“number_of_data_nodes” : 1,
“active_primary_shards” : 0,
“active_shards” : 0,
“relocating_shards” : 0,
“initializing_shards” : 0,
“unassigned_shards” : 0,
“delayed_unassigned_shards” : 0,
“number_of_pending_tasks” : 0,
“number_of_in_flight_fetch” : 0,
“task_max_waiting_in_queue_millis” : 0,
“active_shards_percent_as_number” : 100.0

Installing Kibana

We will be installing Kibana, which is the web front end, on the same server as Elasticsearch but you can install on a seperate server as well and just point it to Elasticsearch.

sudo yum install -y kibana
sudo systemctl daemon-reload
sudo systemctl enable kibana.service

Next we will edit the kibana.yml config file to tell Kibana what IP to listen to web requests on as well as tell Kibana where the Elasticsearch server is.

sudo nano /etc/kibana/kibana.yml

server.host: “10.0.0.2”
elasticsearch.hosts: ["http://localhost:9200"]

Now we can start Kibana and after a minute or so you should be able to point your browser to the IP of your Kibana install on port 5601 and you should see the home page for Kibana.

sudo systemctl start kibana.service

Installing Logstash

Now lets move over to the other server at 10.0.0.1 to install Logstash. Remember, this server will be collecting flows as well as running that data through a custom pipeline to normalize all the data, add/merge fields etc so that it can be easily viewed in Kibana. Logstash is also the server that will most likely run out of resources first which is why we are installing it on its own server so that we can scale it horizontally. The sweet spot for this is around 4 CPU’s as adding more does not scale linearly. I am running 8 CPU’s with 8 GB of RAM (with 6 GB dedicated to JVM) and I currently get around 3000 – 3500 FPS without dropping packets due to the UDP input buffers being full. The UDP buffer in Linux is another reason why adding more CPU’s results in diminishing returns as Linux only assigns a single CPU core to handle UDP traffic. The rest of the CPU’s can be used to run Logstash workers to process the data which helps but there is a finite limit of how fast that single core can pull data off the network card.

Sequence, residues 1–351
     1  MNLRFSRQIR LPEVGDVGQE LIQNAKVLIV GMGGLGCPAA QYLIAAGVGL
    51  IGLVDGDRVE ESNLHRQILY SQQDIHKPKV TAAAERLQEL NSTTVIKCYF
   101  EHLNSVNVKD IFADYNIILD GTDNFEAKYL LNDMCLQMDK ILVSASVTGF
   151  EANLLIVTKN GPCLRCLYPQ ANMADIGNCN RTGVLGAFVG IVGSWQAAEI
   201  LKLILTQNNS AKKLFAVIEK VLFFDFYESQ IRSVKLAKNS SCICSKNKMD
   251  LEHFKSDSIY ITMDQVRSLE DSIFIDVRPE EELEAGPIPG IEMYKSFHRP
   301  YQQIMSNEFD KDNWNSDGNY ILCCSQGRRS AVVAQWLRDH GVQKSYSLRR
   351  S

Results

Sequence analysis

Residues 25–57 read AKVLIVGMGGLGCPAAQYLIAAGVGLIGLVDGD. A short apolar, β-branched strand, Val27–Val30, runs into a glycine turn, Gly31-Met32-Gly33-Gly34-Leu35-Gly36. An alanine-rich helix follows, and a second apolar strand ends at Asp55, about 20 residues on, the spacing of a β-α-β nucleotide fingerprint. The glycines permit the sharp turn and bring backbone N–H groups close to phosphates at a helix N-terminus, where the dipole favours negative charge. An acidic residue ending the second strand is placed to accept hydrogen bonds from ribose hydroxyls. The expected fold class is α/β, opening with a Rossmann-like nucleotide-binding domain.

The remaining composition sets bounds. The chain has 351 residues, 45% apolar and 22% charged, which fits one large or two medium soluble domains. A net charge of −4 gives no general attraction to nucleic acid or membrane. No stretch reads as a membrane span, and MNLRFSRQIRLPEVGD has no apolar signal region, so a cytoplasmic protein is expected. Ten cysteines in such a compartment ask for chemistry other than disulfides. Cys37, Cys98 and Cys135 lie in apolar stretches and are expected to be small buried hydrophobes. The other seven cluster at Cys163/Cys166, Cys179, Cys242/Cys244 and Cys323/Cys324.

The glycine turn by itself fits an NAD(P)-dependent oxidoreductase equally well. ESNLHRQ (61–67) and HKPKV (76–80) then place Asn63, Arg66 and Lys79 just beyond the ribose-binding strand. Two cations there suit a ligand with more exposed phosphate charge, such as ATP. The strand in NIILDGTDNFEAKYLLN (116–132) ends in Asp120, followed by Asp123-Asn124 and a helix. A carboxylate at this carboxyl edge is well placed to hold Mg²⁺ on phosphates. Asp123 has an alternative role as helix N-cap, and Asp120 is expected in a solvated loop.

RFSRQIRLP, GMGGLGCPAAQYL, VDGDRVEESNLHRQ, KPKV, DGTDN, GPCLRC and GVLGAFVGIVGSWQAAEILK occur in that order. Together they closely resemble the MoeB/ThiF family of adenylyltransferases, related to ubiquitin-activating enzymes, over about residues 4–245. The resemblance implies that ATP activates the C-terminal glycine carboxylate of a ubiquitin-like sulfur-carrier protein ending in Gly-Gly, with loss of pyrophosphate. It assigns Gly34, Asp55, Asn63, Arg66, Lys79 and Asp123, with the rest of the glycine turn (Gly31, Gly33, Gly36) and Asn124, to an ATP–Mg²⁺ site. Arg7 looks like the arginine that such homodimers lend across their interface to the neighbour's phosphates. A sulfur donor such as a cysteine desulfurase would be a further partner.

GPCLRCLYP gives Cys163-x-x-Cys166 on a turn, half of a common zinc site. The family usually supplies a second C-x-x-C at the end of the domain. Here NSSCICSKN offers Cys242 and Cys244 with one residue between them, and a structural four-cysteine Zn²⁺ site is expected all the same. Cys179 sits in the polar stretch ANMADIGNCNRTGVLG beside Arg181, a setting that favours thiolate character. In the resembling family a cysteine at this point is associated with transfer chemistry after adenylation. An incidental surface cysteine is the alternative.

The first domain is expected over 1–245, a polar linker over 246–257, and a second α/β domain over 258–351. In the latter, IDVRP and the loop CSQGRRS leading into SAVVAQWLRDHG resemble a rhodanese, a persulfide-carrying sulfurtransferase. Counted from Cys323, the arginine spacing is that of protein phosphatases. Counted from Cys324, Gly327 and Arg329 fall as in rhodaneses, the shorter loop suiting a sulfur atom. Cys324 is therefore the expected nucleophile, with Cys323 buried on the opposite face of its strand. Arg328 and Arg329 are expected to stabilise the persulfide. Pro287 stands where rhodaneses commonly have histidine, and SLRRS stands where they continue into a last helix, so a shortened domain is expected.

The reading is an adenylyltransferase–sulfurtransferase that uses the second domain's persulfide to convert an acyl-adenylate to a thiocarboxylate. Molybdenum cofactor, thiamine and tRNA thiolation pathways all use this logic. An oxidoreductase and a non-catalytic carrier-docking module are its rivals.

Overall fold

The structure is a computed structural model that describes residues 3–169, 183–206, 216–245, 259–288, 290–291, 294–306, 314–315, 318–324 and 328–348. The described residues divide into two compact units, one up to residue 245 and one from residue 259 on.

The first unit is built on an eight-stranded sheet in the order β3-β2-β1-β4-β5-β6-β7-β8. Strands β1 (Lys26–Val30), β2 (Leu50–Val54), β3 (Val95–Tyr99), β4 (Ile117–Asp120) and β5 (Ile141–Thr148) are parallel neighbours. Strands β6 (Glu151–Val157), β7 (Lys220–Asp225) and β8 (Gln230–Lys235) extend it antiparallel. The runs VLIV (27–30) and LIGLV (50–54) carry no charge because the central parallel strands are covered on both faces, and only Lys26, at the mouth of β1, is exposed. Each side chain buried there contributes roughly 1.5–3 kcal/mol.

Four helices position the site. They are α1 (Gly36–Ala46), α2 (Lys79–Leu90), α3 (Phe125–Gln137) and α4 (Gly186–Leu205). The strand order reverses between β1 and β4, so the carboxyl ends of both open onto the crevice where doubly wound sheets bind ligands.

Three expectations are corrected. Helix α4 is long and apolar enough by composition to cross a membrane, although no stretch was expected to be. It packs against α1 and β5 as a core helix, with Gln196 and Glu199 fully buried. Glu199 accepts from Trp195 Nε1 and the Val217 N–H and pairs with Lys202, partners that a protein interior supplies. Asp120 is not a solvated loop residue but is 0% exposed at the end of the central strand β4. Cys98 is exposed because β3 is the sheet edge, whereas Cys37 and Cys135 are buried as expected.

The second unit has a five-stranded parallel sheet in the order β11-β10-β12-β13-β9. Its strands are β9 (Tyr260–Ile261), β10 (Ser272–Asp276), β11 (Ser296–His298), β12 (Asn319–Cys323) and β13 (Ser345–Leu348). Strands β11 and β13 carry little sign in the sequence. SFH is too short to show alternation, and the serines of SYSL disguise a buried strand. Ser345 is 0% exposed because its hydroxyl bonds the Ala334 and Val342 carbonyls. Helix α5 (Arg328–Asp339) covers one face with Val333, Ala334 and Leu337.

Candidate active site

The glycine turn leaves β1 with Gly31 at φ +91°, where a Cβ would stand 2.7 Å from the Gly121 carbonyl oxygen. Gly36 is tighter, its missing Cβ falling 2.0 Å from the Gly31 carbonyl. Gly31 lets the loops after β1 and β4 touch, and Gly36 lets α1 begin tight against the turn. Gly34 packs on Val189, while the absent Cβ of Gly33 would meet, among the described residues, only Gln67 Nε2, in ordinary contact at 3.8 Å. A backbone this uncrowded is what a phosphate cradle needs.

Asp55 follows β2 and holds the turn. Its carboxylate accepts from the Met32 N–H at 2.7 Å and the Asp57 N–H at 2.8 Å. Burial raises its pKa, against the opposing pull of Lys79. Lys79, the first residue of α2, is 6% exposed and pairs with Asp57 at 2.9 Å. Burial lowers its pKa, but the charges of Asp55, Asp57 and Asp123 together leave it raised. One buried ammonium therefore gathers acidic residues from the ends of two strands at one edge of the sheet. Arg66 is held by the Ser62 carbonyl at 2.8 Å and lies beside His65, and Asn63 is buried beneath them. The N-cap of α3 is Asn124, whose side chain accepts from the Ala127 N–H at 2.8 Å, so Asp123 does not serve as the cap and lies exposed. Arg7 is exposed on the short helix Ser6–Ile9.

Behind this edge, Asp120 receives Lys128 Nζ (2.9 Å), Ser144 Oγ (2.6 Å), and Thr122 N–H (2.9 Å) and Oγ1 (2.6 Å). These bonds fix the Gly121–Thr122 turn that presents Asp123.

If you haven’t yet, make sure Java is installed and the ELK key and repo are added to the package manager.

sudo yum -y install java-openjdk-devel java-openjdk

sudo rpm –import https://artifacts.elastic.co/GPG-KEY-elasticsearch

cat <<EOF | sudo tee /etc/yum.repos.d/elasticsearch.repo
[elasticsearch-7.x]
name=Elasticsearch repository for 7.x packages
baseurl=https://artifacts.elastic.co/packages/7.x/yum
gpgcheck=1
gpgkey=https://artifacts.elastic.co/GPG-KEY-elasticsearch
enabled=1
autorefresh=1
type=rpm-md
EOF

Now we can install and enable Logstash to run on boot.

sudo yum install -y logstash

sudo systemctl enable logstash.service

Finally we will install or update the required plugins for Logstash.

sudo /usr/share/logstash/bin/logstash-plugin install logstash-codec-sflow
sudo /usr/share/logstash/bin/logstash-plugin update logstash-codec-netflow
sudo /usr/share/logstash/bin/logstash-plugin update logstash-input-udp
sudo /usr/share/logstash/bin/logstash-plugin update logstash-input-tcp
sudo /usr/share/logstash/bin/logstash-plugin update logstash-filter-dns
sudo /usr/share/logstash/bin/logstash-plugin update logstash-filter-geoip
sudo /usr/share/logstash/bin/logstash-plugin update logstash-filter-translate

Installing Elastiflow

Ok, now lets download all the files we will need for Elastiflow onto the Logstash server and get it configured. First lets create a temp directory to download the Elastiflow files. We will be installing release 4.0.0-beta1 You can see all official releases here:

https://github.com/robcowart/elastiflow/releases

sudo mkdir temp
cd temp
sudo wget https://github.com/robcowart/elastiflow/archive/v4.0.0-beta1.tar.gz